Vince Carter is a Hall of Famer, but is he a first-ballot guy?

Toronto Raptors guard Vince Carter tries to get past the Cleveland Cavaliers' Ira Newble during an NBA game in 2004. (AP Photo/Tony Dejak)

By now, you’ve almost certainly seen the announcement: Vince Carter is “officially done playing basketball professionally.”

A bizarre end to a 22-season career that saw Carter become the first player in NBA history play in four decades and that, through it all, saw him reach incredibly high peaks and some of the lowest valleys.

For many, Carter’s enduring legacy will always be what he did for Canadian hoops. It’s undeniable that he helped establish basketball in Toronto and Canada more broadly thanks to his high-flying dunks and magnetic personality, and because he was able to help the Toronto Raptors taste their first bit of success.

His play inspired an entire generation of young Canadian athletes to take up the game, and you can see that playing out in the NBA today in the likes of Tristan Thompson, Cory Joseph, Andrew Wiggins, and other Canadian hoopers playing at the game’s highest level.

This coupled with the fact Carter played 22 seasons and, as a result, racked up huge career numbers will all be included in his case for the Hall of Fame when his name comes up on the ballot four years from now.

And even if he isn’t a first-ballot selection, his case does appear strong enough to make it into Springfield’s hallowed halls.

After all, Carter can boast that he’s:

• third on the all-time games played list with 1,541 to his name
• sixth all-time in made three-pointers (2,290)
• 19th on the all-time scoring list with 25,728 career points

That last one is perhaps most significant because, of the 23 players below Carter on the all-time list, all are Hall of Famers with the exception of the recently retired Dwyane Wade, and still active players Kevin Durant, Pau Gasol and James Harden.

Additionally, Carter was the 1998–99 NBA Rookie of the Year, an Olympic gold medallist, a two-time All-NBA selection and an eight-time all-star. According to Basketball Reference’s Hall of Fame probability tracker, he has a 94.5 per cent chance to get in.

So, yeah, Carter will become a Hall of Famer.

As mentioned before, Carter was a dynamo at the beginning of his career, but thanks to a combination of injuries and the loss of some of his signature athleticism as time went on he changed his game from a high-flying slasher into more of a spot-up shooter.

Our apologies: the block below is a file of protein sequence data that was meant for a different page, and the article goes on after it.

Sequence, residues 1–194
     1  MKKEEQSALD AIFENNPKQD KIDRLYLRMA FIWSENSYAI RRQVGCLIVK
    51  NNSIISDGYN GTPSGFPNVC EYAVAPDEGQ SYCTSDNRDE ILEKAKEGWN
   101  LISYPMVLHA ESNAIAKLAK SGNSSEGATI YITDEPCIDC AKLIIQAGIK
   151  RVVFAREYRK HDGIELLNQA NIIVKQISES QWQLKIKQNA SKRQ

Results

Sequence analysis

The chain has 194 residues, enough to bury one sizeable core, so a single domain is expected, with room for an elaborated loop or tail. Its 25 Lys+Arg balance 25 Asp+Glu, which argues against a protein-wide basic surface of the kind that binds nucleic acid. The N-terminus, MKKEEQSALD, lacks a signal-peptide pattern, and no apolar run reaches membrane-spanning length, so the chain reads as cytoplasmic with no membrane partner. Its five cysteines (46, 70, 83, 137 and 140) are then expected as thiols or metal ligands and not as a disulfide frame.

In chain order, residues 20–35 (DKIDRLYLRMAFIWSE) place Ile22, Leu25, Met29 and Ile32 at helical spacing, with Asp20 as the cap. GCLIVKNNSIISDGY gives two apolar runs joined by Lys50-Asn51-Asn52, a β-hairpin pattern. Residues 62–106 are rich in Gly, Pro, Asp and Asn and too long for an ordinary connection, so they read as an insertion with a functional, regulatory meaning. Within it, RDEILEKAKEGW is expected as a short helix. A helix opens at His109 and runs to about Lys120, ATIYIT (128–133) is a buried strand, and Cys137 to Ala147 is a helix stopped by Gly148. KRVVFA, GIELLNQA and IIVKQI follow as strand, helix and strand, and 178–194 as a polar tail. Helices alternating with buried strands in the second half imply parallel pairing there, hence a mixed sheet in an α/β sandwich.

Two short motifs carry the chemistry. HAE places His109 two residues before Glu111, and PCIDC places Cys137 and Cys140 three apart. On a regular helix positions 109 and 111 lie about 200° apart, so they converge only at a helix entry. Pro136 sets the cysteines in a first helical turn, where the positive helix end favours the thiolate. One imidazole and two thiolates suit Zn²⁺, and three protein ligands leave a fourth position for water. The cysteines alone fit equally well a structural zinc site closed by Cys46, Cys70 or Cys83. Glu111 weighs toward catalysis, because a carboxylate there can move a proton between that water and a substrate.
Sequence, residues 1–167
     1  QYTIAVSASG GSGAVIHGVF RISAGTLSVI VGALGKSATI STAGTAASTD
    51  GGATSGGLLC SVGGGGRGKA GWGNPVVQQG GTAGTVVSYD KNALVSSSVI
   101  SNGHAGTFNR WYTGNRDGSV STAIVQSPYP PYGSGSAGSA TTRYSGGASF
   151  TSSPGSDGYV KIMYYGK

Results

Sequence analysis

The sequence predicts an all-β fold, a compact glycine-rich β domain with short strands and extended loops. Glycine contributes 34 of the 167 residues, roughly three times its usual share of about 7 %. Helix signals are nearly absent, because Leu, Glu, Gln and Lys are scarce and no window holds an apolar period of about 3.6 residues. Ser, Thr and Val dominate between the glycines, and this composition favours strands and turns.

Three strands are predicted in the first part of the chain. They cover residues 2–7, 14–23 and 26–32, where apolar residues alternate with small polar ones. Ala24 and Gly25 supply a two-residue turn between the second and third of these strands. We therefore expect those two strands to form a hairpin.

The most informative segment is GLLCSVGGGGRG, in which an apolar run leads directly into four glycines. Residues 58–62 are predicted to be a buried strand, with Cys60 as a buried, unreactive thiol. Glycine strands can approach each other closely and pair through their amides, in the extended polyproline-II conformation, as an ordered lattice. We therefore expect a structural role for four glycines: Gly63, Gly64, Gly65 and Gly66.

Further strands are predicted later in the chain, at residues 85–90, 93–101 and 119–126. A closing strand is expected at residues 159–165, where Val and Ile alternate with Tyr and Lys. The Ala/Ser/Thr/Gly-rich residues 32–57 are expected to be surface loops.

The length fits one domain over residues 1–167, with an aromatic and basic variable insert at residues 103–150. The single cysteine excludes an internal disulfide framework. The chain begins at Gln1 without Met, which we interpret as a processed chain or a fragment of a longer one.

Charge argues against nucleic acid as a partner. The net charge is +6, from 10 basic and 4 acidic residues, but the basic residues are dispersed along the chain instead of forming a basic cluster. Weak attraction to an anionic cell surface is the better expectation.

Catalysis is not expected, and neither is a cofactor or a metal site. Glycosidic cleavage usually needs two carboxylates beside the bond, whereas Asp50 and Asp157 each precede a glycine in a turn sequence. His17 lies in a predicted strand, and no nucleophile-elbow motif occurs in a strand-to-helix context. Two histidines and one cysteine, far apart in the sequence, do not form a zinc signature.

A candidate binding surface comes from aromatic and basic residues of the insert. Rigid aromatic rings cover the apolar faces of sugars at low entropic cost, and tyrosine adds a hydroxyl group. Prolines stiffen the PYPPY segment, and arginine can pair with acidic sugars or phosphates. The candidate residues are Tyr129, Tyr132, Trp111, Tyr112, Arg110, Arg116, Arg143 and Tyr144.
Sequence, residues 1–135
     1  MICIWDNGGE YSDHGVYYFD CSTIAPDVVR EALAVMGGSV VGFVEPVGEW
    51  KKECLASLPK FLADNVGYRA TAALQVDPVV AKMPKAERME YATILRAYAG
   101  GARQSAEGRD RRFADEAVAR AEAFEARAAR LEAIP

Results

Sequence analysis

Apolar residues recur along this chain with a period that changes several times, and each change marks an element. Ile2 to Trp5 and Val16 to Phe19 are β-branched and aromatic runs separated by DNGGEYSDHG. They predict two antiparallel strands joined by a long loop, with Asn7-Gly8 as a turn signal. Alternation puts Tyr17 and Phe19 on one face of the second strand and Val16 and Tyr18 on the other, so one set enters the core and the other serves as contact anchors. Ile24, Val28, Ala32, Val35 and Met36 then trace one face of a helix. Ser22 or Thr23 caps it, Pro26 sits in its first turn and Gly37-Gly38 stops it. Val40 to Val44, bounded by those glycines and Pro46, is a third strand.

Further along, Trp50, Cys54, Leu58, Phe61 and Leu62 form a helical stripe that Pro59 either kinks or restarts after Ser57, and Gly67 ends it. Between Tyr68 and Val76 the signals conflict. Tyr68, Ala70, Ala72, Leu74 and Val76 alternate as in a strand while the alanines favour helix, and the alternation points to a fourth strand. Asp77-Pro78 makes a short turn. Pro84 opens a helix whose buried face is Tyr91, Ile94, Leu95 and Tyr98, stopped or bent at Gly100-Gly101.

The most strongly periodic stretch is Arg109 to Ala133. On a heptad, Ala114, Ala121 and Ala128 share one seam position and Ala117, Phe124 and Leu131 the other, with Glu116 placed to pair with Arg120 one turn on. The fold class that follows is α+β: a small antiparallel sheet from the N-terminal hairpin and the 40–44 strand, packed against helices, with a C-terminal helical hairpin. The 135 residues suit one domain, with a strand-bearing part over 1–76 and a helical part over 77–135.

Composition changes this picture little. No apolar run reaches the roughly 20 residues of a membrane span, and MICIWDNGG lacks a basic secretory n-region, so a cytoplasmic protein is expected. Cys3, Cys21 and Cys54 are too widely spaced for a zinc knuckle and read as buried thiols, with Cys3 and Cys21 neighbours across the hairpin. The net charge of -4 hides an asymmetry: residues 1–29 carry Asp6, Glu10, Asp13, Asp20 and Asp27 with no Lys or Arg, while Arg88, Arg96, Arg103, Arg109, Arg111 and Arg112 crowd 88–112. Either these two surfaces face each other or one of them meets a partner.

A smart career move for someone who was looking to play as long as Carter did, but in terms of his Hall of Fame candidacy there are holes to be found in it which could delay the process for him.

For one, Carter was named an all-star in every one of his first nine seasons with the exception of his rookie campaign, but he never got another all-star nod again. Also, after his last season with the New Jersey Nets, he never averaged 20 or more points per game again for the rest of his career, not even cracking double digits in any of his last six campaigns.

In fact, he averaged only 9.8 points per game in the last 11 seasons of his career, something that tanked his overall scoring average to 16.7 per game, good for just 174th all-time.

Granted, during this second half of his career, Carter took on a much greater role as a mentor to younger players and wasn’t counted on as a primary scoring option,. That’s a legitimate feather in his Hall of Fame candidacy cap, but you have to wonder if past mistakes he made led him to wanting to go down the mentor road.

For everything that Carter did for the Raptors, few will forget — even if they’ve forgiven — how he ended his days in Toronto by demanding a trade and then going on national television to admit he didn’t give it his all for the franchise.

The Hall of Fame rewards excellence both on and off the court, and while Carter managed to rehabilitate his image over the 15 seasons after that infamous incident, it can’t be erased from the record completely.

But because of longevity, the stats he racked up and the supernova start to his career, Carter will become a Hall of Famer. If that happens, he will become just the second player drafted by the Toronto Raptors (or, at least, acquired on draft night) to do so, after Tracy McGrady went in in 2017.

But just because his candidacy is rock solid doesn’t mean it’s guaranteed he’ll get in as a first-ballot candidate as past transgressions can, and just might, delay the proceedings.

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